Black Vines 2014

Black Vines by Kerosene
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7.5 / 10     79 RatingsRatingsRatings
Black Vines is a popular perfume by Kerosene for women and men and was released in 2014. The scent is spicy-sweet. The longevity is above-average. It is still available to purchase. Pronunciation
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Perfumer & Creative Guidance

John Pegg (Brand owner, Perfume maker)

Fragrance Notes

Ivy, Fig, Balsam fir, Peru balsam, Star anise, Vanilla, Frankincense, Tonka bean, Cinnamon

Ratings

Scent

7.5 | 79 Ratings

Longevity

8.6 | 64 Ratings

Sillage

7.8 | 67 Ratings

Bottle

8.2 | 61 Ratings
Submitted by Franfan20, last update on 17.04.2021.
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Reviews

8.5
Scent
8
Longevity
8
Sillage
Splitter
Translated Show originalShow translation
Splitter
Splitter
   3  
Take me in your mouth!
For those who want to know, here's apparently Winter of 99's brother. Black Vines doesn't scream apocalypse and cold wind by the log fire in the basket so much as it tells of comforting community, warm tea, and spicy biscuits.
More specifically, I was even asked what I was baking.

Overflowing warmth of cinnamon and anise flowed through the room, not disturbing but definitely massive and filling the space. Loud and ravening for attention.
Inconspicuous one remains with this piece of perfume art definitely not.

After about two hours, a very pleasant woody note comes with it, while cinnamon and anise withdraw. The fig is very nice underlining integrated. Ivy is present but as an accessory. More interesting is the woody tone, which adds to the said woody note.

Yes, the scent is black, dark, enveloping and all-consuming - at least to begin with - but above all it is daring and wonderful.
Then, after five hours, the room-filling work of art has turned into a body-hugging whisper.

Just definitely not for the warm days. Except for very brave
3 Replies
8.5
Scent
8
Longevity
7
Sillage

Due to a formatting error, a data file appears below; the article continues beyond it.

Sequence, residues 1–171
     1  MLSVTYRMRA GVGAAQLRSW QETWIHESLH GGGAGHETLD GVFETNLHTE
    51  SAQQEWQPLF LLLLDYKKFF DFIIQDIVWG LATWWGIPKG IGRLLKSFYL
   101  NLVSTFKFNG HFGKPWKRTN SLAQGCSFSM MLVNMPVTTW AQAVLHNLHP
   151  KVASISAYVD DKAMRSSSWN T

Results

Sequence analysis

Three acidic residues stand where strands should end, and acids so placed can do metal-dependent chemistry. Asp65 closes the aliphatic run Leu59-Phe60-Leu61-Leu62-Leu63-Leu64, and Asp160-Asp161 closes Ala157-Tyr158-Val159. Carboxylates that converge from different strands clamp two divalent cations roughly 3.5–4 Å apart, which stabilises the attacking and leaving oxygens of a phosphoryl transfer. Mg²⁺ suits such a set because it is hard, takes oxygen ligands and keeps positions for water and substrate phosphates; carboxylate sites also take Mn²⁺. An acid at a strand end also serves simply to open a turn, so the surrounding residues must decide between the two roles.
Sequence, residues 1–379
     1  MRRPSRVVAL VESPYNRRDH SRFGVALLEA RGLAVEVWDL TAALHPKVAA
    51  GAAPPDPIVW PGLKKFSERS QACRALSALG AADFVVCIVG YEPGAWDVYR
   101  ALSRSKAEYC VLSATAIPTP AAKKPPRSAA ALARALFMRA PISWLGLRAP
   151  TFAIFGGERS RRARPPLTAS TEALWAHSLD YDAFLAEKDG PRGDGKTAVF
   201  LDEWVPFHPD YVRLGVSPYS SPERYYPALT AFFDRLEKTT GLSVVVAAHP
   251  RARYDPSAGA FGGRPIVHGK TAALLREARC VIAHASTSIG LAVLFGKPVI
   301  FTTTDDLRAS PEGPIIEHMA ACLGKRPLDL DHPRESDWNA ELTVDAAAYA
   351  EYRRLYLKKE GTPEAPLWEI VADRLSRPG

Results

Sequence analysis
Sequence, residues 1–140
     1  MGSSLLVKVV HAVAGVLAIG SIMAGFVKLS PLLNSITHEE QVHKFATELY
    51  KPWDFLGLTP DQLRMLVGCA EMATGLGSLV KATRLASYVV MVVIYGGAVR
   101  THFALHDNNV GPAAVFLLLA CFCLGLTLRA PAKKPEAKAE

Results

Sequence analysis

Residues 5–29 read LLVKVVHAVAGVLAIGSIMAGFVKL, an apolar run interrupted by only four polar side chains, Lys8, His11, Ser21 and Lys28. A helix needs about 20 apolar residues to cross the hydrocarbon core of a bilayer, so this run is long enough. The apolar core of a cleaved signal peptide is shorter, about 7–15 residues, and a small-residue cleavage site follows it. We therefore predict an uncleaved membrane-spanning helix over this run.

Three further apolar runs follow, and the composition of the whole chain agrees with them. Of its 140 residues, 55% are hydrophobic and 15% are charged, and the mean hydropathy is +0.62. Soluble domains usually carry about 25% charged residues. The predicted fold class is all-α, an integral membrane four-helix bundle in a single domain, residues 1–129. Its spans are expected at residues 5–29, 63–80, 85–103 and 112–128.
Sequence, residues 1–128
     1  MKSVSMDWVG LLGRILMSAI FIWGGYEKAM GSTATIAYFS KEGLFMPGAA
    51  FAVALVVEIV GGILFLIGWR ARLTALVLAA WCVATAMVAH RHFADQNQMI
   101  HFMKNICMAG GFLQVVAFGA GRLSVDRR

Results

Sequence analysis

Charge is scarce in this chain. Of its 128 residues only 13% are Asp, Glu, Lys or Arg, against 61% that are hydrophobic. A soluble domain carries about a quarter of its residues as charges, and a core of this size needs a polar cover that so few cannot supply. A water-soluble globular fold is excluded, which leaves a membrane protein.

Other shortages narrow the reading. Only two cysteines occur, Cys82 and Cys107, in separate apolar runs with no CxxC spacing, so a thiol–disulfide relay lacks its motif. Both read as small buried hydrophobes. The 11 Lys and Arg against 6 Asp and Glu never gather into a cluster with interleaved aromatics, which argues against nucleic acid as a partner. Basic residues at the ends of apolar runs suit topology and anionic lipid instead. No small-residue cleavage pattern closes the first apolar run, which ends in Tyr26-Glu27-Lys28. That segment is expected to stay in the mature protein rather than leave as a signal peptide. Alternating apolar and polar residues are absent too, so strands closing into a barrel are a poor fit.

8
Bottle
Floyd
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Floyd
Floyd
Top Review    24  
The dark days of the black vines
Are you wondering now that the liquorice snail on your table is beginning to unroll, to branch, to grow its branches into your space, searching and embracing itself, forming knotty black vines, pulsating like living veins? Do you feel the light blaze, the covered embers on your skin that form as it wraps its ethereal anise arms around your wrists, trembling and sowing countless cinnamon bodies? Their paralyzing presence roots you in space as if in a dream in which fir needles grow from the black vines and eucalyptic resins burst over the anise.
Now that you have stopped defending yourself, the rage of the ethereal streams calms down, incense grows like cloudy weather, ivy leaves grow underneath, tender, translucent and light green smelling, resembling the foliage of the wine deceptively. After a good hour the sharpness then becomes softer, the vine becomes richer with sweet figs, drops viscously from the ceiling balsamic intervals, connect the cinnamon corpuscles with the vanilla, which burns in waves over the wooden planks and after countless hours ends the spectacle, which appears in cold and dark days and skilfully unites its distant poles, tracks you down with lambent twigs in the room and leads like in the house of a snail to the middle
(With thanks to Yatagan)
17 Replies
Bibet2712
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Bibet2712
Bibet2712
   0  
Anise, anise, anise... anise only
i like anise, I like pastis too. And I was very much looking forward to the bottling of Sunnyland, because I have read the fragrance pyramid and fragrance description or comments and statements about it and was enthusiastic. Thought that was exactly my scent. Heavy, spicy and incense. But unfortunately the scent on my skin only develops anise from beginning to end; no liqueur note, no ZImt, no incense, nothing fruity. It is a beautiful, wamer fragrance without question and fits perfectly into the cool season, but not to me, because unfortunately it develops too one-sided and then has more of essential oil for the fragrance lamp than exclusive niche fragrance. But what is remarkable is the durability...even after 7 hours it still smells like shortly after spraying on. I'll test him again to see if it changes on the third try. Otherwise the filling process may continue.
1 Replies
LicoriceRain

57 Reviews
LicoriceRain
LicoriceRain
   6  
The Best Licorice Fragrance Ever
Black Vines by Kerosene certainly isn’t the first fragrance featuring licorice/anise blended with something else; there is licorice with lavender (Hermèssence Brin de Réglisse), licorice with rose and amber (Aoud Black Candy by Mancera), licorice with mint (Reglisse Noire by 1000 Flowers), and licorice with lemon (Caron Eau de Reglisse), to name a few. But this licorice with fir/balsam/cypress blend is, by far, the most intriguing and powerful of them all. (The drydown reminds me very much of Eau des Baux by L’Occitane, but Black Vines is much deeper, and richer, than Eau des Baux.) Black Vines is licorice and wintergreen on steroids! But of course, most people don’t like the smell of wintergreen, that familiar medicinal scent from muscle rub creams and Pepto Bismal, but this is exactly the reason I find it therapeutic.

Statements

TombbbTombbb 6 months ago
2
Scent
Anise in a bottle. Or licorice, if you wish.
Syzygy73Syzygy73 3 years ago
Dries down to a soft creamy biscuit-like vanilla and sandalwood, but the opening is as harsh and unpleasant as a truck stop urinal. Pass.

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